Therefore, ecosystem flow is foundational to organizational emergence, growth, and development because it dictates an ecosystem’s ability to adapt and endure over vast timescales.
Applying Ecosystem Flow To Platform Ecosystems
In this section, I’m going to share a framework for incorporating ecosystem flow into how we measure the performance of platform ecosystems.
To date, platform ecosystems have mostly focused on economic outcomes enabled by a platform. By incorporating an understanding of ecosystem flow, innovators have a robust way of monitoring an ecosystem’s ability to endure over time.
The framework utilizes the ancient philosophy of yin and yang that I used to depict the interdependent relationship between platforms and communities in part 2 of this series. Figure 2 depicts a balanced approach for measuring flow in platform ecosystems.
Measuring Platform Flow
Platform flow relates to the growth of a platform marketplace. As part of their series on the new growth landscape for platforms, Boundaryless has released a framework for measuring platform and marketplace strategies. In it, they share three main aspects of growth for platform marketplaces.
- Reaching Liquidity and Delivering Engagement
- Increasing Retention
- Platform Economics and Sustainable Business Growth
These main areas are important because they measure the ongoing viability of a platform model. If the platform is not relevant for a large number of users, it will not succeed.
Liquidity measures whether a marketplace gets traction. Metrics relate to a minimum required flow of exchanges (minimum order flow) and utilization of assets (utilization rate) that result from how well the platform facilitates matching demand and supply (unsuccessful matches, search/time to fill).
Retention measures whether a marketplace maintains momentum by continuing to engage users. As new cohorts of users are onboarded to the platform, retention concerns itself with how many users remain after a given period of time (user retention), the number of paying users (dollar retention), how many users participate in the platform’s core experience (core experience retention) as well as direct and indirect user feedback (net promoter score). While tracking retention, marketplaces must also be cautious to avoid concentrations of suppliers that can indicate that the marketplace value proposition is not widely valued.
Platform economic metrics measure whether the marketplace continues to grow. These metrics track things like the total value of exchanges (gross merchandise value) and net revenues and the cost to acquire customers, and the value they generate (i.e., Customer Acquisition Cost, Lifetime Value measure).
Measuring Community Flow
While platform flow measures the ongoing viability of a platform model, community flow is concerned with the health of individual participants and the whole system. Community flow measures the dynamics of the environment within which the platform operates and whether that environment enables a community to sustain itself over the long term.
In this section, I’m going to stand on the shoulders of giants. The principles and measures I summarize here are taken directly from Brian D. Fath, Daniel A. Fiscus, Sally J. Goerner, Anamaria Berea, and Robert E. Ulanowicz, whose groundbreaking work in regenerative economics has inspired this post. I summarize their principles into four main themes and discuss how they complement platform flow metrics.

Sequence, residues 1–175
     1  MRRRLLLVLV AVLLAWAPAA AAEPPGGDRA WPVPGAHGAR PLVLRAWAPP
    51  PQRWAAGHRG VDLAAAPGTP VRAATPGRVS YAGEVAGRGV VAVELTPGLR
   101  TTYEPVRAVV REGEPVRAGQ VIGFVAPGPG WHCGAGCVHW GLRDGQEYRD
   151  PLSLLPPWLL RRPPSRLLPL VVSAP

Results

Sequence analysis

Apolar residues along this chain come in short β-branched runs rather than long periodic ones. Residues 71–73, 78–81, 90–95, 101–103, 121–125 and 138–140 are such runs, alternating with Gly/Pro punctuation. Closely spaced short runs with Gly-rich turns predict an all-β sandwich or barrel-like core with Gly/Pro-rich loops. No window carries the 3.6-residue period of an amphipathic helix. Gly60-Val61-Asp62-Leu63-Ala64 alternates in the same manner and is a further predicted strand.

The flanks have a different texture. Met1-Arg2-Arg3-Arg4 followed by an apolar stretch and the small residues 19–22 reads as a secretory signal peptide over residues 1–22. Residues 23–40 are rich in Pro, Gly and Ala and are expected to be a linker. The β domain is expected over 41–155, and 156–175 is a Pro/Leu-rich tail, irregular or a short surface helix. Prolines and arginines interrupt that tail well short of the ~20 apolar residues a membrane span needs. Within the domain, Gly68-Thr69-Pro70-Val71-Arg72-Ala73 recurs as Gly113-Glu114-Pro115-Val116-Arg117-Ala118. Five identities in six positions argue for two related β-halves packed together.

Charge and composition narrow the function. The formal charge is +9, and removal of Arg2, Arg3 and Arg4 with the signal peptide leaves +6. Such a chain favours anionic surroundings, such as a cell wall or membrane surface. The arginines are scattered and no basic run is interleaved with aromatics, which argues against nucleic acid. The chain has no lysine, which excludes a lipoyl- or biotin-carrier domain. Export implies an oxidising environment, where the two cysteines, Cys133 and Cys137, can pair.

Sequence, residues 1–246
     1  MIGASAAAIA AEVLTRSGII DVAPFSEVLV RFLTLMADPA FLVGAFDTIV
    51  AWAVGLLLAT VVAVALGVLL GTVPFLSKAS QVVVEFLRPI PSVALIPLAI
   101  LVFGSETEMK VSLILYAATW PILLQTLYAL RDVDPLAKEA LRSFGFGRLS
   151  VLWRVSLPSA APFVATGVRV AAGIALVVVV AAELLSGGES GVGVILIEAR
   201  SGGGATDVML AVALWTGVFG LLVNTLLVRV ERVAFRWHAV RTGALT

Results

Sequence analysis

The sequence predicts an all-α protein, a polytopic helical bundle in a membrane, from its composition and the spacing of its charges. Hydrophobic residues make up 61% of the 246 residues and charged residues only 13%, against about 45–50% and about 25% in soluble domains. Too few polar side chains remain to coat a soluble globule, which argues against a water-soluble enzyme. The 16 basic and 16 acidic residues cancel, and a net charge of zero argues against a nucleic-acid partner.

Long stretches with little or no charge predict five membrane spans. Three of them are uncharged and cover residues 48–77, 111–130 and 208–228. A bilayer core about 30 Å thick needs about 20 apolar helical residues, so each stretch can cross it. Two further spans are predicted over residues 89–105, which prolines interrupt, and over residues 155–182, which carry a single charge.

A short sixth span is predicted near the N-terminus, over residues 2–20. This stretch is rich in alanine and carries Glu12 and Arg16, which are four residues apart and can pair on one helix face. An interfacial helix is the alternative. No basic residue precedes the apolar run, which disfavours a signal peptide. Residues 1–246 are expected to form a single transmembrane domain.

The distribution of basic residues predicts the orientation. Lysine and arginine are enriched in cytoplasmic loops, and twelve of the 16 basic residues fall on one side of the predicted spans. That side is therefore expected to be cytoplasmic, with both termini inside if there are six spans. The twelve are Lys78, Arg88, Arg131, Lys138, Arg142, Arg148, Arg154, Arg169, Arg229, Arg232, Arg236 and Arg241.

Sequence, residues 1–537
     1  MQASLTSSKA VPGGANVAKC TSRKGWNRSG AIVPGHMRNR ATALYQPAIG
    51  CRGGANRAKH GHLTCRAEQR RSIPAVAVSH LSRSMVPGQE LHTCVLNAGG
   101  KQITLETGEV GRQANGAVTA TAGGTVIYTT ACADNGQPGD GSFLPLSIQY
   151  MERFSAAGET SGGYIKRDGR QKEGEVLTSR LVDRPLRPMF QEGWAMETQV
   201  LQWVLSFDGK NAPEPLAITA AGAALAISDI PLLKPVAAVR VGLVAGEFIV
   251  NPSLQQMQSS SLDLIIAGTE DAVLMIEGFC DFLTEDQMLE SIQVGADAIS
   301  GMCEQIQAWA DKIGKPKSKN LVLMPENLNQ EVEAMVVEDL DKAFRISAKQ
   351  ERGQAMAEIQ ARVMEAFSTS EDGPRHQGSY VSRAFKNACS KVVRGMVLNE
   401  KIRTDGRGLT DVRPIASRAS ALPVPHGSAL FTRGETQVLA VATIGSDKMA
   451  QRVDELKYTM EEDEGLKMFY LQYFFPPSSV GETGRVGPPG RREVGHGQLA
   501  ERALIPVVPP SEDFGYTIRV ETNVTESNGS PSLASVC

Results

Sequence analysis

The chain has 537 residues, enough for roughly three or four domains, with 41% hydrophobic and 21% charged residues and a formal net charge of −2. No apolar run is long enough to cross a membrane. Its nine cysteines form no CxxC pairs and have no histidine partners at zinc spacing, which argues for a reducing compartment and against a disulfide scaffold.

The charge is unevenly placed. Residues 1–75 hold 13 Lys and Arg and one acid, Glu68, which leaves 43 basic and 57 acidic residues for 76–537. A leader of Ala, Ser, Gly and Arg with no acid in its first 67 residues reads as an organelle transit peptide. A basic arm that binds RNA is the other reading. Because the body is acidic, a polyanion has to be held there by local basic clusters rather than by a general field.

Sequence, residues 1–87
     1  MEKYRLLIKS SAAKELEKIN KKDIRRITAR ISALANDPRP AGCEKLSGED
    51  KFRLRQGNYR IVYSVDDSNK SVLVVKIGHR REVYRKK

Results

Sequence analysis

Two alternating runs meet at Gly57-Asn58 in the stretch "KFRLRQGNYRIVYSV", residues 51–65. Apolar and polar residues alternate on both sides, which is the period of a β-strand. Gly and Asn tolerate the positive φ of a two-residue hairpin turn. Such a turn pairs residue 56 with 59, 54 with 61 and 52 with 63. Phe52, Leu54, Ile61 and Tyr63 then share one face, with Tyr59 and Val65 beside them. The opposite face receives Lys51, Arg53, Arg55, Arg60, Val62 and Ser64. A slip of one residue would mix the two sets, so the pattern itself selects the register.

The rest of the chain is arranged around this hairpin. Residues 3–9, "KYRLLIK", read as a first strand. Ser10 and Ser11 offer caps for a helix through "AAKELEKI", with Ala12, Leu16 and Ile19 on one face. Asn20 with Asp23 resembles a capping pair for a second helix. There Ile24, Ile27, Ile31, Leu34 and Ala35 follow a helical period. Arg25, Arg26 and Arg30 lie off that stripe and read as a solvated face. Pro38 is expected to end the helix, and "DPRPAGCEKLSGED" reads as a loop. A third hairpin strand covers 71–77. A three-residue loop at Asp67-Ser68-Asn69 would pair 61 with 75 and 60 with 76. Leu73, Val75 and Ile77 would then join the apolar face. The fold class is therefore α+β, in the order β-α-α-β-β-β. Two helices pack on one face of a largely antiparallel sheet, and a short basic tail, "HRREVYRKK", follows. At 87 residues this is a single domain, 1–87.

If you want to go deeper into the principles and metrics, I share more detailed descriptions, including mathematical equations where applicable in the Appendix at the end of this post. (Warning: The Appendix may be quite technical for those without an affinity for network analysis and mathematics!)
From a community perspective, an ecosystem is flowing in a way that facilitates its longevity when:
- Its structure includes multiple scales (i.e., a mix of small, medium, and large entities) in the ecosystem that act to balance efficiency (throughput) and diversity (resilience).
- Energy, resources, information, and value circulate robustly across the scales so that growth becomes inclusive.
- The system values mutualism and activities that build capacity rather than extract resources from it (i.e., the system limits passive/speculative investments).
- Learning is collective and supports the ecosystem’s ability to adapt to changing circumstances.
Building Blocks of Community Flow
Community flow consists fundamentally of things moving to and from the participants in an ecosystem. Flows can be any form of energy, resources, information, or value such as money, data, designs, ideas, learning objects, intellectual property, commons assets, shared infrastructure, or any other mutually beneficial tangible or intangible asset that one can imagine. Participant inflows and outflows include both those coming from within the community and to/from external sources. The community’s total flow can be calculated as the sum of inflows and outflows for all participants in the community. Once these basic building blocks are monitored, many other community flow measures become possible.
Let’s look at the macro-areas for measuring community flow and their related metrics:
- Relationships & Values
- Collective Learning
One can observe healthy structure in communities by measuring the mix of participant sizes, the balance of efficiency vs. resilience, and the amount of diversity that exists in the community.
The healthiest structure that optimizes community flow is a mix of small, medium, and large participants. This ensures that flow is both efficient and diverse. Large entities provide scale and resources for throughput and distribution, whereas small and medium entities provide a consistent stream of new ideas, enthusiasm, and innovation. In this way, the community balances efficiency and resilience.